PTSD Can Develop Even Without Memory of the Trauma

Reports new study in Biological Psychiatry

Philadelphia, PA, August 14, 2014

There are many forms of memory and only some of these maybe critical for the development of posttraumatic stress disorder (PTSD),reports a new study by researchers at the University at Albany and theUniversity of California Los Angeles. Their findings, published in the currentissue of Biological Psychiatry,suggest that even with no explicit memory of an early childhood trauma,symptoms of PTSD can still develop in adulthood.

There are case reports of people who have experiencedterrible life events that resulted in brain damage, some of whom developedsyndromes similar to PTSD even though they had no recollection of the eventitself.

These reports suggest that explicit memory may not be anabsolute requirement for PTSD, whereas other forms of learning, such as fearconditioning, may be required.

Explicit memory is the type of memory that can bevoluntarily recalled from prior experience and articulated.

To test this hypothesis, Dr. Andrew Poulos and hiscolleagues conducted a study designed to answer a basic question: If traumaticearly life memories are lost, what persists of this experience?

In the laboratory, the researchers exposed juvenilerodents to a single session of unpredictable stress. Later, as adults, theytested the animals for their memory of the event and also measured their fearresponse.

"We found that our rodents, which failed to remember theenvironment in which they were traumatized, showed a persistent increase inanxiety related behavior and increased learning of new fear situations. Theseheightened levels of fear and anxiety corresponded with drastic changes in thedaily rhythms of the circulating hormone corticosterone," said Poulos.

Corticosterone is a hormone that, in part, regulates thebody's stress response. Interestingly, within the amygdala, a brain regioncrucial for the learning of fear, levels of a receptor for corticosterone werealso increased.

Poulos added, "Future experiments in our laboratory willallow us to determine if this increase in glucocorticoid receptors within theamygdala and/or aberrant hormone levels sets up the organism for increased fearand anxiety."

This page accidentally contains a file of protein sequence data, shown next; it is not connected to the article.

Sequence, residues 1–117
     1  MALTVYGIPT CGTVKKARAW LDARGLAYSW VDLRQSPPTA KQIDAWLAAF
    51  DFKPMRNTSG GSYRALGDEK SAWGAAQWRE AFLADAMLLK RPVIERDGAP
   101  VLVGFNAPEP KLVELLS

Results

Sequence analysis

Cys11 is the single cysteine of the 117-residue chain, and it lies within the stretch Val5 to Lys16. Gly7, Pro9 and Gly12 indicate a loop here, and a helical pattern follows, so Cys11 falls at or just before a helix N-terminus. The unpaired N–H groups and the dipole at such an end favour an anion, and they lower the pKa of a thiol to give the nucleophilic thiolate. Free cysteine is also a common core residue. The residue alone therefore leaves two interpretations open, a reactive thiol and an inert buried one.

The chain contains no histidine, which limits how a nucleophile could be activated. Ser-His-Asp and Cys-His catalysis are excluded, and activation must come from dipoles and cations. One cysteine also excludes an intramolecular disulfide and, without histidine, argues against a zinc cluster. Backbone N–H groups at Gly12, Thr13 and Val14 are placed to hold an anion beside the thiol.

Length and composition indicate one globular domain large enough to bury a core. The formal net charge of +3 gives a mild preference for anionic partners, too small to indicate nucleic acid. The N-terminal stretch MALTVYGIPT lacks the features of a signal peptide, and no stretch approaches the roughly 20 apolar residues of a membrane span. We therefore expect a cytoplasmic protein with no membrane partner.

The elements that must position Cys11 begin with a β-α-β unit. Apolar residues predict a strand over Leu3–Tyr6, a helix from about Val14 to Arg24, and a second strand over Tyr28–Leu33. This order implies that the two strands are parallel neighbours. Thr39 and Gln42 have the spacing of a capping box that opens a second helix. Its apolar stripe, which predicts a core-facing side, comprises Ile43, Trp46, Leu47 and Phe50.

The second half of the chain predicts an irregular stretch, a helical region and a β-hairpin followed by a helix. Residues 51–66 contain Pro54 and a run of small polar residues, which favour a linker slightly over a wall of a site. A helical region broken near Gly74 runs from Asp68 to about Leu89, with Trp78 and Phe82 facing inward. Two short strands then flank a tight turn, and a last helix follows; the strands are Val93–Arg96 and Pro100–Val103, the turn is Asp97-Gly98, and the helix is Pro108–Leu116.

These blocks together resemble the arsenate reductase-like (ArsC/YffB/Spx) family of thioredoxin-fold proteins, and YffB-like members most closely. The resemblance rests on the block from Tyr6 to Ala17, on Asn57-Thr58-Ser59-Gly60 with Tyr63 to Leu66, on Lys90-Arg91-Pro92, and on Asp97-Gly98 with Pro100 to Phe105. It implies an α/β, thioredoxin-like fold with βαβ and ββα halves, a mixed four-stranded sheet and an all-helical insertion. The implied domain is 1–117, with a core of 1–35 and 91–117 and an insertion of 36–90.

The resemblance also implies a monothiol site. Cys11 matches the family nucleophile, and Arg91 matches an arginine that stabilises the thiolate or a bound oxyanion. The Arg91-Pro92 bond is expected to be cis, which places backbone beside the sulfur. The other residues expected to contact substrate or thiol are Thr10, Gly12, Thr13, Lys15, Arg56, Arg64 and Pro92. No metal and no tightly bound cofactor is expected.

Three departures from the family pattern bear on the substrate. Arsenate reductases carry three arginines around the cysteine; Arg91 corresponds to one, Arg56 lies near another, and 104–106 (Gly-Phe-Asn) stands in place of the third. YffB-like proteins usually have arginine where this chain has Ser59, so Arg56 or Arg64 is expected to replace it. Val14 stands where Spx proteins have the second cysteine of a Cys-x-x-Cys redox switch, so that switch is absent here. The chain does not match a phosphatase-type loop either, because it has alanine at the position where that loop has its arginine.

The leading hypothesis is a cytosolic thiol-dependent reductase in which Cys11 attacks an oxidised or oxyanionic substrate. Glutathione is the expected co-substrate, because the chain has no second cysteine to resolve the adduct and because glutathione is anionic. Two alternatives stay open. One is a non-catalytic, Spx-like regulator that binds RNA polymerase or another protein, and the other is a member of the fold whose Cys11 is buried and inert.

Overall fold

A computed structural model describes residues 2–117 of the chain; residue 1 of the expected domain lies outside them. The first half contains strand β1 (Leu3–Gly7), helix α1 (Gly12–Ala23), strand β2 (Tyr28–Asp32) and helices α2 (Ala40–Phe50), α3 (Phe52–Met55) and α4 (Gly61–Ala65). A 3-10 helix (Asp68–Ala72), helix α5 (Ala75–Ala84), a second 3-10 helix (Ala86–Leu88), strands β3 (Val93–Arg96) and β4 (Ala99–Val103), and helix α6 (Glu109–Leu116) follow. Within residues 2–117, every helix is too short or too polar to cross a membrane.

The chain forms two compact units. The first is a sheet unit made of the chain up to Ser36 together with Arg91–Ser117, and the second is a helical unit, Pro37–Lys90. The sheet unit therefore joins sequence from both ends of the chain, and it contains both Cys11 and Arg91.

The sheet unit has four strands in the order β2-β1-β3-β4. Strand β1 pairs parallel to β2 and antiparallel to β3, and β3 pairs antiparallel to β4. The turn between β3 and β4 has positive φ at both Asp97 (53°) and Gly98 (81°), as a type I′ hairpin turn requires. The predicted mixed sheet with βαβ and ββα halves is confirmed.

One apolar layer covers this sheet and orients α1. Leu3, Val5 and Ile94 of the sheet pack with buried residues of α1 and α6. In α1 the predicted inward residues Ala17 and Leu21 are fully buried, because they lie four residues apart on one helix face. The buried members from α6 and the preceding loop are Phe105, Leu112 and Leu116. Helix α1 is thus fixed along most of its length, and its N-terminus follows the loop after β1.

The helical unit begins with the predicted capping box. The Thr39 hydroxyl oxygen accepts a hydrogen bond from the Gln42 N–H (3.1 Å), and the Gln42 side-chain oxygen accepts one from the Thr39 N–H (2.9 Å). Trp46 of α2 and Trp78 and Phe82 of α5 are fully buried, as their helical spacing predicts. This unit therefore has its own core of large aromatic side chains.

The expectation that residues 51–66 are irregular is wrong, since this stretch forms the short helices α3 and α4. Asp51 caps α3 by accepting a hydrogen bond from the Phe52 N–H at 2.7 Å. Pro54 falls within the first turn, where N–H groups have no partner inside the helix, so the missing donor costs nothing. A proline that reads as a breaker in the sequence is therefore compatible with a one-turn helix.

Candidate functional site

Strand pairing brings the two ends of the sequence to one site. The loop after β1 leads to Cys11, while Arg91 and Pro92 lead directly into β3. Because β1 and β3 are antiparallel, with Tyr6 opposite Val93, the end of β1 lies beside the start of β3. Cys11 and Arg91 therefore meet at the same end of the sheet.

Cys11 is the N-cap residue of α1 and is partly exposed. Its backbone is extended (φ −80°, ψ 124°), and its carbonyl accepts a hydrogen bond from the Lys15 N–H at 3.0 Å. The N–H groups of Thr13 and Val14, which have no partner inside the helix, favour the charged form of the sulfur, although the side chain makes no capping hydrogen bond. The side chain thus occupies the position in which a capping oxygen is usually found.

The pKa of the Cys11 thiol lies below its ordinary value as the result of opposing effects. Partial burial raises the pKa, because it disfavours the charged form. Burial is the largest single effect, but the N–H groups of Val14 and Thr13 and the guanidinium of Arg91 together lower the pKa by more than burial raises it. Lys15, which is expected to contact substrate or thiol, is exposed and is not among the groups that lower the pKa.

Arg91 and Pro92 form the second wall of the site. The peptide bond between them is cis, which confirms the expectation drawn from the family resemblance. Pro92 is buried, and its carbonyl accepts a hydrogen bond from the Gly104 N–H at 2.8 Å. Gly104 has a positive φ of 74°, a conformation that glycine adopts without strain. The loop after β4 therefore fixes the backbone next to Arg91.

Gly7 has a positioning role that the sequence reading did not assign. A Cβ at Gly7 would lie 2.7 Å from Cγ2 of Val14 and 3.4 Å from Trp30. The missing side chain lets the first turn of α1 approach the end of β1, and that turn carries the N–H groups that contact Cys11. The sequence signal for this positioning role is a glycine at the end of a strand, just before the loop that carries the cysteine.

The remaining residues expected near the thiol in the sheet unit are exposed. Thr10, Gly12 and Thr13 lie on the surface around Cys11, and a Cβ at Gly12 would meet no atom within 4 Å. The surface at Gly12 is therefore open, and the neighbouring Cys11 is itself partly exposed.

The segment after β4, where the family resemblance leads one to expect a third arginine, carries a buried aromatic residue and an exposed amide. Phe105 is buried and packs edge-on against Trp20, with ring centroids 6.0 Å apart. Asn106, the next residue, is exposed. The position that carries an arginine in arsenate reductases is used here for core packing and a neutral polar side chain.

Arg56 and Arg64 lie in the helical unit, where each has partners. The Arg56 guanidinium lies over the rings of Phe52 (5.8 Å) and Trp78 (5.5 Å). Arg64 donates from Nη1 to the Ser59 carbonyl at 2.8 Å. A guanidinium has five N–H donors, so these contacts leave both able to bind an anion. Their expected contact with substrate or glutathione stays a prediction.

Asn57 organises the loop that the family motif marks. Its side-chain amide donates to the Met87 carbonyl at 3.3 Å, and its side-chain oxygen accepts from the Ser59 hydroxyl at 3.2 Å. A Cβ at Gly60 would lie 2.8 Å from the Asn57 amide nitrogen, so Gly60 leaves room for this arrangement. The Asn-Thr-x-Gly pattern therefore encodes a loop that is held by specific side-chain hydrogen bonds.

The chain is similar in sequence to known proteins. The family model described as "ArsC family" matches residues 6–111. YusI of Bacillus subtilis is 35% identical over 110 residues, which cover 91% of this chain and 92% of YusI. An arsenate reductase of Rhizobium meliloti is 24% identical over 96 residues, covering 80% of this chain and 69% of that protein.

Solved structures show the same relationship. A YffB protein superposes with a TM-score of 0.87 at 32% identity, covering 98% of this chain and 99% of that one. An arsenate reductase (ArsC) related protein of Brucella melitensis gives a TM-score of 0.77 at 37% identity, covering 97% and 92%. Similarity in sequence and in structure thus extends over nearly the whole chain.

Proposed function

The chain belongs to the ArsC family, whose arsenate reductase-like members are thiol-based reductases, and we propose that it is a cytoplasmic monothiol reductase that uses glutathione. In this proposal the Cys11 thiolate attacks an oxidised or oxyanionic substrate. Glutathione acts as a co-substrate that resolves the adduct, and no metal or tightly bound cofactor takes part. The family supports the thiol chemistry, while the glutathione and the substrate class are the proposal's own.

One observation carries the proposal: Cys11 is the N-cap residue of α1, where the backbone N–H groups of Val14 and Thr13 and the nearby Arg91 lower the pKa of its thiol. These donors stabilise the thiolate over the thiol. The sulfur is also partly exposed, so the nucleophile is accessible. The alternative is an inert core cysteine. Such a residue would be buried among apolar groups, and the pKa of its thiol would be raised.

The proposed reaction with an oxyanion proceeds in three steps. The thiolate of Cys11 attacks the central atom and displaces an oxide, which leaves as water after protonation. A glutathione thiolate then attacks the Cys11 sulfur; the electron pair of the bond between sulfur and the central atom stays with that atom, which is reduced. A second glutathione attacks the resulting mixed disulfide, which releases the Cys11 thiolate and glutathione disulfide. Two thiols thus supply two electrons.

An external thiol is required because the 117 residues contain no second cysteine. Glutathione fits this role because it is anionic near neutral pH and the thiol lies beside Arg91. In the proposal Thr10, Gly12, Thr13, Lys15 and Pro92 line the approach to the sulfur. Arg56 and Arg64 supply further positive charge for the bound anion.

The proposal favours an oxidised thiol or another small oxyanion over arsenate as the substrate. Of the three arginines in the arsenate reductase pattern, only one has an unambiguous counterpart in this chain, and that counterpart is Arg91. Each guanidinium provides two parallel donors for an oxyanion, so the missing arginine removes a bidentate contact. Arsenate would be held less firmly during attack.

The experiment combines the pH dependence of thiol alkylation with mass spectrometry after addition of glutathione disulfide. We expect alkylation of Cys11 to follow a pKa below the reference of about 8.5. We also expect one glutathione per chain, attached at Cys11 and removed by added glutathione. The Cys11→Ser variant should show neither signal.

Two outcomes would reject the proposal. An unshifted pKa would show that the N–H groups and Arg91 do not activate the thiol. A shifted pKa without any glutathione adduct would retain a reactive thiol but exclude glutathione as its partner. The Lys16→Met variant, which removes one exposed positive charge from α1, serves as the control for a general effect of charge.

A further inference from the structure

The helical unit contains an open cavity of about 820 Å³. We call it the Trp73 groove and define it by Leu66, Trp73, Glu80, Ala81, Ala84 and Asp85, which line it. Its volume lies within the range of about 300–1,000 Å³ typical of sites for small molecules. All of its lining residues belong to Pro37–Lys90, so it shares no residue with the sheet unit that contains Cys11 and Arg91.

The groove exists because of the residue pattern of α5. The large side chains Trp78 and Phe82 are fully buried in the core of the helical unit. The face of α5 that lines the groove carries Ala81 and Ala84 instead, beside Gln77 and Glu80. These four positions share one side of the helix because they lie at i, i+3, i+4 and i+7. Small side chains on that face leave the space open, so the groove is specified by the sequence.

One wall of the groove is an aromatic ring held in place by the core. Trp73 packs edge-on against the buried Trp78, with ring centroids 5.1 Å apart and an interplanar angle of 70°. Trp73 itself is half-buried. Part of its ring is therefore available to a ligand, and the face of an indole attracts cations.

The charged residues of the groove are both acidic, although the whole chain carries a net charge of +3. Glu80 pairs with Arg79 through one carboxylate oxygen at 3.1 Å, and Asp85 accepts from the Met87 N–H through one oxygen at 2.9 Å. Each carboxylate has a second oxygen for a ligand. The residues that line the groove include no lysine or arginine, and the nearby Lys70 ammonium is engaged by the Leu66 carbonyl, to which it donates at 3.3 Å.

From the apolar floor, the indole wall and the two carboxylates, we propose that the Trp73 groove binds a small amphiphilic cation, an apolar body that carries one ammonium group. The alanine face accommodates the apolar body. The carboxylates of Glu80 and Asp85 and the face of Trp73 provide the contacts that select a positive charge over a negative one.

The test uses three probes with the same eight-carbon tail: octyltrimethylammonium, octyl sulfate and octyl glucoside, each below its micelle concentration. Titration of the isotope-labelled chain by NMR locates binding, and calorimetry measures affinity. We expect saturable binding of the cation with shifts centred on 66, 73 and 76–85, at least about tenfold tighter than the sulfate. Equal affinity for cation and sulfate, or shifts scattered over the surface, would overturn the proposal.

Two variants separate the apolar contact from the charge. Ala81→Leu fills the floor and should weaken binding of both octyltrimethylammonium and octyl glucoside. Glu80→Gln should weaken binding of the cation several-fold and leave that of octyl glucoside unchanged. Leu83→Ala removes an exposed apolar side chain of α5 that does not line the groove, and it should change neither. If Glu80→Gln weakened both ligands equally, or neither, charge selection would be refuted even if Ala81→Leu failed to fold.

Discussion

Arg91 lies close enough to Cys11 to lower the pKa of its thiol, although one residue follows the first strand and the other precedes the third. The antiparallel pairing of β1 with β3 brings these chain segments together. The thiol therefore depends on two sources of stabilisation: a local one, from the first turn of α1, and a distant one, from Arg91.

All together, these findings indicate that notremembering a traumatic event does not preclude an organism from experiencingsome of the negative consequences of trauma, such as anxiety and heightenedfear.

"These data highlight the importance of the many ways inwhich the brain processes traumatic experiences. Psychotherapy tends to focusheavily on the articulation of trauma memories. However, the current studyhighlights that these explicit memories may not represent all brain processesthat drive distress and disability," commented Dr. John Krystal, Editor of Biological Psychiatry. "In other wordsthere may be a mismatch between what people think and how they feel about theirtraumatic experiences. Thus, there may be role in treatment for measuring otherdimensions of response, such as physiologic arousal, through which some ofthese other forms of learning are expressed."

The article is "Amnesia for Early Life Stress Does NotPreclude the Adult Development of Posttraumatic Stress Disorder Symptoms inRats" by Andrew M. Poulos, Maxine Reger, Nehali Mehta, Irina Zhuravka, Sarah S.Sterlace, Camille Gannam, David A. Hovda, Christopher C. Giza, and Michael S.Fanselow (DOI: 10.1016/j.biopsych.2013.10.007). Thearticle appears in BiologicalPsychiatry, Volume 76, Issue 4 (August 15, 2014), published by Elsevier.

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Notes for editors
Full text of the article is available to credentialedjournalists upon request; contact Rhiannon Bugno at +1 214 648 0880 or Biol.Psych@utsouthwestern.edu.Journalists wishing to interview the authors may contact Dr. Andrew Poulos at+1 518 591 8886 or apoulos@albany.edu.

Theauthors' affiliations, and disclosures of financial and conflicts of interestsare available in the article.

JohnH. Krystal, M.D., is Chairman of the Department of Psychiatry at the YaleUniversity School of Medicine, Chief of Psychiatry at Yale-New Haven Hospital,and a research psychiatrist at the VA Connecticut Healthcare System. Hisdisclosures of financial and conflicts of interests are available here.

AboutBiological Psychiatry
Biological Psychiatry is the official journal ofthe Society ofBiological Psychiatry,whose purpose is to promote excellence in scientific research and education infields that investigate the nature, causes, mechanisms and treatments of disordersof thought, emotion, or behavior. In accord with this mission, thispeer-reviewed, rapid-publication, international journal publishes both basicand clinical contributions from all disciplines and research areas relevant tothe pathophysiology and treatment of major psychiatric disorders.

Thejournal publishes novel results of original research which represent animportant new lead or significant impact on the field, particularly thoseaddressing genetic and environmental risk factors, neural circuitry andneurochemistry, and important new therapeutic approaches. Reviews andcommentaries that focus on topics of current research and interest are alsoencouraged.

BiologicalPsychiatryis one of the most selective and highly cited journals in the field ofpsychiatric neuroscience. It is ranked5th out of 135 Psychiatry titles and 14th out of 251Neurosciences titles in the Journal Citations Reports® published by ThomsonReuters. The 2013 Impact Factor score for Biological Psychiatry is9.472.

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